Retribution: The Purposes of Punishment
Retribution is perhaps the most intuitive — and the most questionable — aim of punishment in the criminal law.3 min read
2. Is Retribution Ethical?
Retribution is perhaps the most intuitive — and the most questionable — aim of punishment in the criminal law. Quite contrary to the idea of rehabilitation and distinct from the utilitarian purposes of restraint and deterrence, the purpose of retribution is actively to injure criminal offenders, ideally in proportion with their injuries to society, and so expiate them of guilt.
Why Is Retribution Used?
The impulse to do harm to someone who does harm to you is older than human society, older than the human race itself (go to the zoo and watch the monkey cage for a demonstration.) It's also one of the most powerful human impulses — so powerful that at times it can overwhelm all else. One of the hallmarks of civilization is to relinquish the personal right to act on this impulse, and transfer responsibility for retribution to some governing body that acts, presumably, on behalf of society entire. When society executes retribution on criminals by means of fines, incarceration or death, these punishments are a social expression of the personal vengeance the criminal's victims feel, rationally confined (it is hoped) to what is best for society as a whole.
Of course there are more sophisticated ways of thinking about retribution, and it's a good idea to be familiar with them since a judge (and that other kind of judge, the criminal law professor) is unlikely to accept "because it's a natural impulse" as justification for retribution in punishment. And with good reason.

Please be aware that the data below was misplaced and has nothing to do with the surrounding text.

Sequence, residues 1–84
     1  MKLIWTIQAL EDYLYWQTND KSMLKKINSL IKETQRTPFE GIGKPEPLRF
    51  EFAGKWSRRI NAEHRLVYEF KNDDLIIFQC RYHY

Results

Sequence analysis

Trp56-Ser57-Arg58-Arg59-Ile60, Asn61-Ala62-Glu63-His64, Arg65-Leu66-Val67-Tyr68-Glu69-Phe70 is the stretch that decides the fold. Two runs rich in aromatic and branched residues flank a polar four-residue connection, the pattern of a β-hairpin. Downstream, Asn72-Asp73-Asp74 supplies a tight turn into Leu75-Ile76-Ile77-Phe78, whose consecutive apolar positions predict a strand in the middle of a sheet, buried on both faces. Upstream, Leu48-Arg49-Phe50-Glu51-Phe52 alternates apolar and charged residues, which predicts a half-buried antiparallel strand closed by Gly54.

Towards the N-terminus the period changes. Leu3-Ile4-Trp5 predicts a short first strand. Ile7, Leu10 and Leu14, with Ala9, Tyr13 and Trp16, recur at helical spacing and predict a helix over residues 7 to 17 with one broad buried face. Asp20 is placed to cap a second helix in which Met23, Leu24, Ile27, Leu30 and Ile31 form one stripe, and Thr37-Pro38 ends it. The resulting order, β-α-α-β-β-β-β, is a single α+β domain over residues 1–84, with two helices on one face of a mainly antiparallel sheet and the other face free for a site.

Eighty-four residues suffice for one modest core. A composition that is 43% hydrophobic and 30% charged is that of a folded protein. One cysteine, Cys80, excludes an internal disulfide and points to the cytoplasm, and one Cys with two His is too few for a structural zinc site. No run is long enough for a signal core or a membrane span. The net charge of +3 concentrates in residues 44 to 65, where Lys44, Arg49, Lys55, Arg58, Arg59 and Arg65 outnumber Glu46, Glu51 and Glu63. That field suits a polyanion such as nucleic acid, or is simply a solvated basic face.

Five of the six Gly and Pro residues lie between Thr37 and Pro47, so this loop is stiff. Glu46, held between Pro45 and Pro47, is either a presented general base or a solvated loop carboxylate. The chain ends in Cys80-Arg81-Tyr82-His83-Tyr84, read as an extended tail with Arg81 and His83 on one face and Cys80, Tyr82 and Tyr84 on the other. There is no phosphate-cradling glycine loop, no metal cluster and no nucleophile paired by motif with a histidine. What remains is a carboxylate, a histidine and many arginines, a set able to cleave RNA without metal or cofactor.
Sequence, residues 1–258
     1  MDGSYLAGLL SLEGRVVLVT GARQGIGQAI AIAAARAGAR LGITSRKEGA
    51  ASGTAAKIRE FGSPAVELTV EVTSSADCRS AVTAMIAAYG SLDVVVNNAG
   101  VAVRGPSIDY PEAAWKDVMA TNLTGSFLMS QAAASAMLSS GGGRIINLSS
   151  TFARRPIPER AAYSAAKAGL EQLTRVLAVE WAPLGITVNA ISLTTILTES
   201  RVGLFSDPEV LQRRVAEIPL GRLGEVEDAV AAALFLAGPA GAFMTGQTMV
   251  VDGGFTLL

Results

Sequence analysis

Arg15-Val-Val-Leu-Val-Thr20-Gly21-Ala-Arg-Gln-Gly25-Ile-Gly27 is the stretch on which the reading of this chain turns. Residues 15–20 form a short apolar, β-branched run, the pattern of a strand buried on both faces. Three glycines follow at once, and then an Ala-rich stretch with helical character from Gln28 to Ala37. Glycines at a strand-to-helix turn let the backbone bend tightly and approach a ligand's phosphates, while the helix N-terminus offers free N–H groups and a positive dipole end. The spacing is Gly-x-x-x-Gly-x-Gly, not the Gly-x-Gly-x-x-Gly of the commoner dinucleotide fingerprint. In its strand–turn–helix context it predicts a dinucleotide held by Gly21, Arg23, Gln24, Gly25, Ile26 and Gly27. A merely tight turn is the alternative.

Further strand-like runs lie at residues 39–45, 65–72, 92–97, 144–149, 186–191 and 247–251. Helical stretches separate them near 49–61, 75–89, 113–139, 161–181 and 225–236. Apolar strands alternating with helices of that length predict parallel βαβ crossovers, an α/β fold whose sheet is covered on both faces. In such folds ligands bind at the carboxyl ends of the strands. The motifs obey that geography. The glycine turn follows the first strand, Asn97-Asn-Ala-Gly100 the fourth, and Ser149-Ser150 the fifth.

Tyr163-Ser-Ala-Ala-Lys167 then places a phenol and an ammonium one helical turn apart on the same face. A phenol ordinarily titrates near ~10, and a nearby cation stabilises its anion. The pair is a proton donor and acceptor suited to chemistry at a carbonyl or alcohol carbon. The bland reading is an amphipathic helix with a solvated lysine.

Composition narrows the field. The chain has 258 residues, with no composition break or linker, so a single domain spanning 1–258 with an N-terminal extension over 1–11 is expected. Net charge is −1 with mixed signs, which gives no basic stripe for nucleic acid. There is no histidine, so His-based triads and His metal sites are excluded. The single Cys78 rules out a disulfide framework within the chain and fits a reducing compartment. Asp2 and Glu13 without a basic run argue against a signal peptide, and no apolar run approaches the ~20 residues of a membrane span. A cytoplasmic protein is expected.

Is Retribution Ethical?
While "it's natural" tends not to carry much weight in the criminal law, "it's morally right" can. Moral feelings and convictions are considered, even by the criminal law, to be some of the most powerful and binding expressions of our humanity. In binding criminal trial juries to restrict guilty verdicts to situations of the highest certainty, "beyond a reasonable doubt" is also often described as "to a moral certainty." It is to their moral feelings of what is truly right that jury members are asked to look before delivering a verdict. It's perhaps not too much of a stretch, then, to argue that it's morally right to make criminals suffer as their victims have suffered, if that's the way one's moral certainty points.
No matter what one's moral feelings are about inflicting deliberate harm on a human being, the majority of the U.S. citizenry still holds that it's right to exact retribution on criminal offenders, sometimes even to the point of death. This is almost certainly true of the majority of victims, and their loved ones, for whom equanimity becomes more and more difficult depending on the severity of the crime. What rape victim does not wish to see her attacker suffer? What parent does not hate the one who killed their child? The outrage that would result from leaving these passions for revenge unsatisfied might be seen as a dramatic failure of the entire criminal justice system. It's a good argument for retributive justice, then, that in this world public vengeance is necessary in order to avoid the chaos ensuing from individuals taking revenge into their own hands. And, until the moral certainty of a majority of society points towards compassion rather than revenge, this is the form the criminal law must take.